Leadership Leads™


By: Bob Vanourek

The third principle of The Eight Principles™ is Leadership Leads™. Well enough, but just what does that mean?

Because of my life-long fascination with leadership, as well as my love for the wisdom in literature and poetry, I spent the last year combing through hundreds of literary passages that had a leadership message. The result was my new book Leadership Wisdom: Lessons from Poetry, Prose, and Curious Verse. Here’s a small sample of the wisdom I found.

Leading Yourself Well First

President Theodore Roosevelt (1858 –1919) delivered some memorable lines in a speech in 1910.

The credit belongs to the man who is actually in the arena, whose face is marred by dust and sweat and blood; who strives valiantly; who errs, who comes short again and again, because there is no effort without error and shortcoming; but who does actually strive to do the deeds; who knows great enthusiasms, the great devotions; who spends himself in a worthy cause; who at the best knows in the end the triumph of high achievement, and who at the worst, if he fails, at least fails while daring greatly, so that his place shall never be with those cold and timid souls who neither know victory nor defeat.

Leaders aren’t afraid to try, even if they may fail. Leaders leap into the arena.

This theme is continued by an unknown author who wrote the poem, “To Risk.”

… But risks must be taken,

Because the greatest hazard in life is to risk nothing.

Those who risk nothing, do nothing, and have nothing …

Only one who risks is truly free

Leaders take risks to get people to a better place.

Edgar Guest (1881–1959) was an English-born American poet. His poem “Don’t Quit” ends with,

So stick to the fight when you’re hardest hit,

It’s when things seem worst that you mustn’t quit.

Good leaders persevere. Leadership is a long run together, not a solo sprint.

Leading Others

Dr. Martin Luther King, Jr. (1929-1968) spoke the words, “… everybody can be great because everybody can serve…” in a sermon titled “The Drum Major Instinct.” Dr. King’s sermon quoted Jesus’ words from the Bible in Mark 10: 45: “[He] did not come to be served, but to serve.” King cited the deep desire in many of us to be the drum major, leading the parade, being first, strutting proud, high-stepping in front of the glorious marching band with cheering crowds overflowing the streets we cavalcade. This desire is the seduction of our egos.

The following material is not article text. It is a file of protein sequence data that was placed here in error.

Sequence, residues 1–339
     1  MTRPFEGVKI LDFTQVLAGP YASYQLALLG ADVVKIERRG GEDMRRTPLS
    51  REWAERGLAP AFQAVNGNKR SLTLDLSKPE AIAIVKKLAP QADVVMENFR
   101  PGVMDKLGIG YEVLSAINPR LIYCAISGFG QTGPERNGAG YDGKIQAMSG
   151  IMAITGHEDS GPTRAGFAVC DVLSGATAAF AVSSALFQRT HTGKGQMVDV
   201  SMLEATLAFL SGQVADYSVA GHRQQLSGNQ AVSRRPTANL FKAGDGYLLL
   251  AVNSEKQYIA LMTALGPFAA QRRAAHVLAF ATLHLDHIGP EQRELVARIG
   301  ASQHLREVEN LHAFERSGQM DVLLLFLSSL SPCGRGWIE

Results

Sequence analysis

Author Max DePree said,

The first responsibility of a leader is to define reality.

The last is to say thank you. In between the leader is servant.

Leading well means getting your ego under control and serving others.

American journalist Sydney J. Harris (1917–1986) once wrote,

Thomas Aquinas, who knew more about education and persuasion

than almost anybody who ever lived, once said that

when you want to convert someone to your view,

you go over to where he is standing,

take him by the hand (mentally speaking),

and guide him to where you want to go.

You don’t stand across the room and shout at him.

You don’t call him a dummy.

You don’t order him to come over to where you are.

You start where he is and work from that position.

That’s the only way to get him to budge.

To get people to follow you, start where they are and treat them respectfully—a lesson many of our government leaders would benefit from.

Leaving a Lasting Legacy

If everything falls apart after a leader has departed, then the leadership has failed. Leaders leave a healthy legacy in their organizations.

Dr. Kent M. Keith (1948–) has had a distinguished career as a leader in higher education. He wrote this poem in 1968 when he was in college.

… What you spend years building may be destroyed overnight.

Build anyway.

People really need help but may attack you if you do help them.

Help people anyway.

Give the world the best you have and you’ll get kicked in the teeth.

Give the world the best you have anyway.

Leadership will incur critics anxious to tear you down. Leading well means building with the best you can give, just doing good anyway.

Nobel Laureate George Bernard Shaw (1856–1950) was an Irish playwright. He wrote “This Is the True Joy in Life” in 1903.

… Life is no brief candle to me.

It is sort of a splendid torch, which I’ve got a hold of for the moment,

And I want to make it burn as brightly as possible

Before handing it on to future generations.

Leading well means burning your torch brightly and leading for a mighty purpose.

To lead is to make a noble choice. I wish you well as you choose to lead.

Leadership    Leadership

Bob Vanourek is the author of Leadership Wisdom: Lessons from Poetry, Prose, and Curious Verse, a collection of 70+ poems and prose passages with commentary and practical applications. He is the former CEO of five companies and a frequent speaker on ethical leadership. He is the co-author with his son, Gregg Vanourek, of the award-winning book Triple Crown Leadership: Building Excellent, Ethical, and Enduring Organizations. Website: http://www.bobvanourek.com Email: bob@triplecrownleadership.com Facebook: https://www.facebook.com/leadershipwisdom123/ Twitter: @BobVanourek

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